An all-too-realistic thriller with a protagonist who, while not likeable, is attractive and compelling.
Slugger is the third of Martin Holmén’s novels that feature Harry Kvist, though it can be enjoyed without reference to Clinch and Down for the Count, the two previous thrillers in the trilogy. Kvist is now 39 and his time in prison – and the wounds from many a fight – have left their mark. He is an alcoholic and a chain-smoker of cigars, and a known homosexual during a time when that is considered a despicable crime. He inhabits Stockholm’s underworld, which by his account makes Chicago in the 20s look tame in comparison.
Slugger is set in 1936 during an oppressive heatwave. Sweden is ready to send its team to the Berlin Summer Olympics. Antisemitism has started to take hold as the Nazis are beginning to make their presence felt. In spite of this, German Jews are escaping to Sweden in increasing numbers.
But Kvist is not interested in politics. He is devastated by the murder of his friend, a kindly priest known to include humour and compassion in his sermons. The corrupt police are not looking for the killer, however, so Kvist decides to take justice into his own hands.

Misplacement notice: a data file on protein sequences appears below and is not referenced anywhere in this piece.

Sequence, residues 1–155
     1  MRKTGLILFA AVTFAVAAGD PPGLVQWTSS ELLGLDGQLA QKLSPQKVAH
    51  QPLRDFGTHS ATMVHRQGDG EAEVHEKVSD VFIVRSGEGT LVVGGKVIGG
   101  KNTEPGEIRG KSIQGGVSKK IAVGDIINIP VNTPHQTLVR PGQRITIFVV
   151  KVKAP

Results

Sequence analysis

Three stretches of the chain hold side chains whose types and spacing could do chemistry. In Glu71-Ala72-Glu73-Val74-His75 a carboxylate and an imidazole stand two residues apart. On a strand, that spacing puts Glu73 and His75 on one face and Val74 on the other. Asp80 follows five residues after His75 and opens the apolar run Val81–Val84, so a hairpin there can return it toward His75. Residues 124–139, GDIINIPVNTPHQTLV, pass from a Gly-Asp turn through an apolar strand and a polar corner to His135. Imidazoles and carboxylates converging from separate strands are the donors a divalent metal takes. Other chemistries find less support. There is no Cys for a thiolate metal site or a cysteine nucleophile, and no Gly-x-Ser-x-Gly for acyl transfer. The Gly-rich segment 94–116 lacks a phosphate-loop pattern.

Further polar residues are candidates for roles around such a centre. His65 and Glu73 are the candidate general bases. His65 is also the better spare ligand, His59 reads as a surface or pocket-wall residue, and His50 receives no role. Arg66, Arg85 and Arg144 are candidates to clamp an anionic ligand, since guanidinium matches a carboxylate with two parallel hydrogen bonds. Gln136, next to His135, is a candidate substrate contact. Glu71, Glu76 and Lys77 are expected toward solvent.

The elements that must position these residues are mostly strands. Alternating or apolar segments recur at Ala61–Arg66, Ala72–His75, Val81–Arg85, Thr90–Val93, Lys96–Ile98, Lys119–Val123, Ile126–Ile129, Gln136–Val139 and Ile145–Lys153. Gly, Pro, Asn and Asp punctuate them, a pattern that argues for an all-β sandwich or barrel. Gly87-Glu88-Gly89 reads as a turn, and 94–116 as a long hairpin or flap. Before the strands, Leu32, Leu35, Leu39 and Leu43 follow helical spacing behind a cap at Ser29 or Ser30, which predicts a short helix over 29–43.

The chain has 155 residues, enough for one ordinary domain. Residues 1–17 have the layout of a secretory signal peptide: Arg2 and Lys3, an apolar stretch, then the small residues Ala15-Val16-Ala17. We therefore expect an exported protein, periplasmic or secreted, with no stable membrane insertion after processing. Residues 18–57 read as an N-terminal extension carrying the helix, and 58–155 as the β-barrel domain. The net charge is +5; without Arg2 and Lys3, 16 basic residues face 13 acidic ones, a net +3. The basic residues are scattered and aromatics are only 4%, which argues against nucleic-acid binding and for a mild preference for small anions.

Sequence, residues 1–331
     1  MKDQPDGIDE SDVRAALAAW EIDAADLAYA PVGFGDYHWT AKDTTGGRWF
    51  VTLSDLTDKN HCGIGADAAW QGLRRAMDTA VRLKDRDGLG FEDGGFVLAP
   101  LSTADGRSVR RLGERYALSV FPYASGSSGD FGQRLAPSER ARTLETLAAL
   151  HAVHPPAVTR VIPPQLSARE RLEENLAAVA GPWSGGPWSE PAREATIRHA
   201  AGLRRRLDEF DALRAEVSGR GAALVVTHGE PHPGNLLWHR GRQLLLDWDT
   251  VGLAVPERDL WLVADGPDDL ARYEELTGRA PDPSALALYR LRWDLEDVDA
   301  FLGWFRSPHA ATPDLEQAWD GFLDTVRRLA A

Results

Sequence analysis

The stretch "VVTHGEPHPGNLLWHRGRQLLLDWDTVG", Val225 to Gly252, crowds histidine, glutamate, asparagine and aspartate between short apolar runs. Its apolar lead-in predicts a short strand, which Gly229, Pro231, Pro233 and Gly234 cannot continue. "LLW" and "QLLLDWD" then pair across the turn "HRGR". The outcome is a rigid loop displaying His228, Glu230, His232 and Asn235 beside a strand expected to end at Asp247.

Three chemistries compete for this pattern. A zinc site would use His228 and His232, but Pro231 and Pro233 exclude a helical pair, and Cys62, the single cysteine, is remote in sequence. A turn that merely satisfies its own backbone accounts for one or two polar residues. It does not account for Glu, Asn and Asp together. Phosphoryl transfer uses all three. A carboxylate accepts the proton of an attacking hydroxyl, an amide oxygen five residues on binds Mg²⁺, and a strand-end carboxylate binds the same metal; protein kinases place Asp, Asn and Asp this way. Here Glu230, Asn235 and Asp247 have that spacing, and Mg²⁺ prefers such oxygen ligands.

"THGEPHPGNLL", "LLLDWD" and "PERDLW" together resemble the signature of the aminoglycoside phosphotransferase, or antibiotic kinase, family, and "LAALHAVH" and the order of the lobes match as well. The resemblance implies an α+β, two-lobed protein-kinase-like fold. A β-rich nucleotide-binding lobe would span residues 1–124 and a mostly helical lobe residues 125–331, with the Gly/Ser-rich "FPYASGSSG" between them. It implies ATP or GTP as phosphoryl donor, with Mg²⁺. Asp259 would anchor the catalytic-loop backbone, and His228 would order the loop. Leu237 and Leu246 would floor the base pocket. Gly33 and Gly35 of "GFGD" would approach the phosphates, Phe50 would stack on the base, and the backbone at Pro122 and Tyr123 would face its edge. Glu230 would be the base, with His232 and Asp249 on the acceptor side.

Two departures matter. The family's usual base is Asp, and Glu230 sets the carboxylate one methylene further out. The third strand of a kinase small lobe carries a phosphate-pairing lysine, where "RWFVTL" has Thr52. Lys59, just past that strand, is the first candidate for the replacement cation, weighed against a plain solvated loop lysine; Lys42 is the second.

Kvist is a complex character and an astute narrator: ‘In the flower bed a peacock butterfly is cavorting in the honeysuckle; down at Stadsgård wharf the steam-winches are puffing in the heat. Sweat streams from my forehead, finds channels in the scars on my face and flows down my cheeks.’ Kvist is loyal to his friends, and caring and gentle with his dog. But he is also ready to use his fists at the slightest provocation – as willing to kill or maim an opponent as he is determined to avoid injury to any innocent third parties.
What Holmén has achieved with Slugger is an all-too-realistic thriller featuring episodes so horrible that the reader is torn between closing the book in revulsion or eagerly turning the pages to find out what happens next. And in Kvist, Holmén has created a character who, if not exactly likeable, is a character readers will find attractive and compelling. In a strange way Kvist is a good man who does very evil things, perhaps with little choice.
‘What the fuck choice do people born into poverty have? What obligation do us poor bastards have to follow the law? We are stamped down by the educated class, morality is imposed on us and the only thing the damned police are good for is hounding the weak and protecting the rich. And how the hell is a man supposed to get a real job to support himself honestly when his record is blemished by prison sentences?’
Holmén doesn’t pretend to have all the answers, nor should they be expected from a novel written to thrill and entertain. In that latter respect it ticks all the boxes; Slugger is a brilliant and disturbing read. That the story is set against an historically accurate background and raises a number of important issues is a plus.
4.5 stars out of 5 ★★★★☆
Slugger by Martin Holmén
Publisher: Echo Publishing
Release Date: 6 May 2019